Arts & CultureFilm & TVSex & Relationships

Brown: Hollywood has an older-man problem

I was watching He’s Just Not That Into You, one of my favorite rom-coms, the other day. As I watched Bradley Cooper heatedly rip Scarlett Johansson’s dress straps off her shoulders and lay her down on his office desk, I found myself asking: Isn’t he a little old? After a quick Google search I discovered that at the time he was 34-years-old, and Johansson, sprawled on the desk, was 24-years-old.

While this is not the largest age gap the world of fictional relationships has ever seen, it did bring me to ask whether it was the only one, and why we as viewers didn’t really recognize it or turn our noses up at it.

It’s because Hollywood as a whole, has an older-man problem.

A study done by Vulture put three big-time actresses’ film careers in an infographic, displaying the various age gaps between them and their male counterparts in romantic roles. Some, like Jennifer Lawrence’s, show smaller age gaps by only a few years. Others, like Emma Stone’s, show age gaps of sometimes upwards of 30 years (Gangster Squad with Sean Penn, 54; Stone was 24).

This just points out something that the film industry has been doing for years: Implementing the sexualization of young women in movies to represent young, vivacious and “sexy” women in romantic roles that in real life we would all cock our heads at, and maybe ask ourselves, “hmm… is this a healthy relationship?”

While it goes without saying that adults have every right to do what they so wish in consenting sexual relationships, there is another aspect that comes into play when you think about how these sexual relationships are being used for profit, and how competitive the acting industry is. If you were a 16-year-old fresh-faced actress trying to get your big break, would you really turn down a role just because you had to make out with a 46 year old?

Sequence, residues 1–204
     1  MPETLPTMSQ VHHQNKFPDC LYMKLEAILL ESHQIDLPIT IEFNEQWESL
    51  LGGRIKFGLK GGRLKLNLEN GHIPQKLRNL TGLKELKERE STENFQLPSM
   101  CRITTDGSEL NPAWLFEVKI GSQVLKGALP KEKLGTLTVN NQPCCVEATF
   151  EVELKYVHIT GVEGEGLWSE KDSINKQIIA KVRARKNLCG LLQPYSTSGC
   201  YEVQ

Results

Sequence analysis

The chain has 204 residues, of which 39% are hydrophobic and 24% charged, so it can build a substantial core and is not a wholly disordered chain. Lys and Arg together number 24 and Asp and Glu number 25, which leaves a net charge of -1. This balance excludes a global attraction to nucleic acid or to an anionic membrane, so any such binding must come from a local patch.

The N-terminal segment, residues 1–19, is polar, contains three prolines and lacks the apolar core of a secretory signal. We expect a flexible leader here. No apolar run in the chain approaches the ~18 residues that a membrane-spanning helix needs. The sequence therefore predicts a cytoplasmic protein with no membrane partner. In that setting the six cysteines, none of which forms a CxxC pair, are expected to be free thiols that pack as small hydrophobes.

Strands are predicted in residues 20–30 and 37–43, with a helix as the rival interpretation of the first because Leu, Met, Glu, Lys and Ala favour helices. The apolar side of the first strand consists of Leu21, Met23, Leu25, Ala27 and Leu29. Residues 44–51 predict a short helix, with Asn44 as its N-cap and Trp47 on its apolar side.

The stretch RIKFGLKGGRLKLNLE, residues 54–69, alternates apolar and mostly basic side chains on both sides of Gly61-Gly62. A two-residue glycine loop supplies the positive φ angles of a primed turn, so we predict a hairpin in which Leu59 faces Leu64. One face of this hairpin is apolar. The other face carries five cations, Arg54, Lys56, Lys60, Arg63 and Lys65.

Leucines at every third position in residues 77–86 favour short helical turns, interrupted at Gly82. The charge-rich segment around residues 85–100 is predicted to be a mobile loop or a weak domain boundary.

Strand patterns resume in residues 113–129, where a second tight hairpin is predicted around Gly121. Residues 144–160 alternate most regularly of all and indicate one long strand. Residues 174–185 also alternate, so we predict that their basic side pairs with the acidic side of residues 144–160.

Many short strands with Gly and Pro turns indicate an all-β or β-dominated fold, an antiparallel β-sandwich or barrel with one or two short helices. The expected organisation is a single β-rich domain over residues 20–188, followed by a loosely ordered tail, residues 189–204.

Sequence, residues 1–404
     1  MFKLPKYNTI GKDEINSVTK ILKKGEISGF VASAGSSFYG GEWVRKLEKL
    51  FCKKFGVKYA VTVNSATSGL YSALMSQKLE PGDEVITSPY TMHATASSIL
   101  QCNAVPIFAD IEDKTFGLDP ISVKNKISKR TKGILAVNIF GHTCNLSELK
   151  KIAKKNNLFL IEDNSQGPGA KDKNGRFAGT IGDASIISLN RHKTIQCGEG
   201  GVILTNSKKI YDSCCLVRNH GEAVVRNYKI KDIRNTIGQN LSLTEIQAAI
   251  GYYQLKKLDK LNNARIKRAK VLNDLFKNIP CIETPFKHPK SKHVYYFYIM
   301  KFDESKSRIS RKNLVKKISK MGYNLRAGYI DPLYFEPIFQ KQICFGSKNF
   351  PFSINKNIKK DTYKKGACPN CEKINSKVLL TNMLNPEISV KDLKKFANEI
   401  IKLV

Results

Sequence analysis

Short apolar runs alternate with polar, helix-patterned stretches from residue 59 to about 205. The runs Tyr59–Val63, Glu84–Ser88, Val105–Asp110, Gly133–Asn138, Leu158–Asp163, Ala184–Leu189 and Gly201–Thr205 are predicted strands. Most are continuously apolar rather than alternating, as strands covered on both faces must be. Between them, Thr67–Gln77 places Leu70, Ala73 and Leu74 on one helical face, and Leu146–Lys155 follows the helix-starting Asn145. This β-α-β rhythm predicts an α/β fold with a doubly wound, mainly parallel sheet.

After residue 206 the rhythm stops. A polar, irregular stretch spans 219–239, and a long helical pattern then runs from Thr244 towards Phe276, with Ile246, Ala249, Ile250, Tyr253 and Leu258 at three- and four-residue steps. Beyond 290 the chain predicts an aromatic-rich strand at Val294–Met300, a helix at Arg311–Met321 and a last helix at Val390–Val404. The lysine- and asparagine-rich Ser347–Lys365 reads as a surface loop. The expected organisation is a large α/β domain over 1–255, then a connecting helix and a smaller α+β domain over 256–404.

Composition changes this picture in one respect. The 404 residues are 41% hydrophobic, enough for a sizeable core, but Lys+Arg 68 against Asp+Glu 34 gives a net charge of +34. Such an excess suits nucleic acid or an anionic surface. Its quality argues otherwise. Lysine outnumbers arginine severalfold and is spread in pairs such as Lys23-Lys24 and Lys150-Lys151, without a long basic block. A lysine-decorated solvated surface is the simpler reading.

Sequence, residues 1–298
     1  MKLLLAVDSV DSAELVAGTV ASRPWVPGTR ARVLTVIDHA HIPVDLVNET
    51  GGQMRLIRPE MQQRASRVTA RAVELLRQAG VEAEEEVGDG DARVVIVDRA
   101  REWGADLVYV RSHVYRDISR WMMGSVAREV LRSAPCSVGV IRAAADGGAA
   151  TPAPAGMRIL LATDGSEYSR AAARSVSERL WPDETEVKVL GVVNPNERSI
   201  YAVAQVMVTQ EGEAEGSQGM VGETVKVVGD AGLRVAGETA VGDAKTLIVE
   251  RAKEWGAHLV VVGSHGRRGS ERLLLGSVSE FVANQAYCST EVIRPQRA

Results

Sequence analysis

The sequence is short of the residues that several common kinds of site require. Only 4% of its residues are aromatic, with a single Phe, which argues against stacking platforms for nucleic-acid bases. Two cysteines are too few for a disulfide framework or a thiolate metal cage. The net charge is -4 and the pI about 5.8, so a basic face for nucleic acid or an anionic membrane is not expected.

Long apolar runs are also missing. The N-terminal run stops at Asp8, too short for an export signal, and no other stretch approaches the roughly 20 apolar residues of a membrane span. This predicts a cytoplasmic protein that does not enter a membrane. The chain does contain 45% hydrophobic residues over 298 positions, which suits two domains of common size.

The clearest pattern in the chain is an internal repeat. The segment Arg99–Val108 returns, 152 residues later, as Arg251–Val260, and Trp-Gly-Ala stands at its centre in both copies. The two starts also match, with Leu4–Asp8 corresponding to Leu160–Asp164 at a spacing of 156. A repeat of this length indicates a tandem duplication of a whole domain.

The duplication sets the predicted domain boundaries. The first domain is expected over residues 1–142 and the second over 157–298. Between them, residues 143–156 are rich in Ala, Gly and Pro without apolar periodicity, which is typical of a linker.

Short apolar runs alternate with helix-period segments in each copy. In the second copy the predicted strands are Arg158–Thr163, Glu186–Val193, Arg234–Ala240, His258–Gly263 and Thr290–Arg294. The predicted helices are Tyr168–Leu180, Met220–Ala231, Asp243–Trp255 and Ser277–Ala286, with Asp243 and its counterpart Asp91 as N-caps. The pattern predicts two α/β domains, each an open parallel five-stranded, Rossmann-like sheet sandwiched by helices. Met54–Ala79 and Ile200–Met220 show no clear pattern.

Not when a big check is involved. You’d probably just suck it up and continue to go about your career while the film industry subtly exploits your sexuality to an audience of older men and continue to cultivate a culture of hyper-sexualizing young women for the male gaze.

This trend also affects the availability of romantic leading roles for women who are past that golden stage of desirability. At the first sight of a forehead wrinkle, your resume has a much higher chance at being quietly moved from the pile of potential leading, sexy heartthrobs to the pile for secondary actresses playing roles like the mother or the boss lady. While these are still exceptional roles, the narrative changes.

These three actresses highlighted in the infographics are just a few examples of the bigger problem in Hollywood. Women like Johansson are subjected to being the sexy actress to the male gaze early on in their careers as they pull off their thin red dress straps and walk away with the big check later.

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Jordyn Brown

Jordyn Brown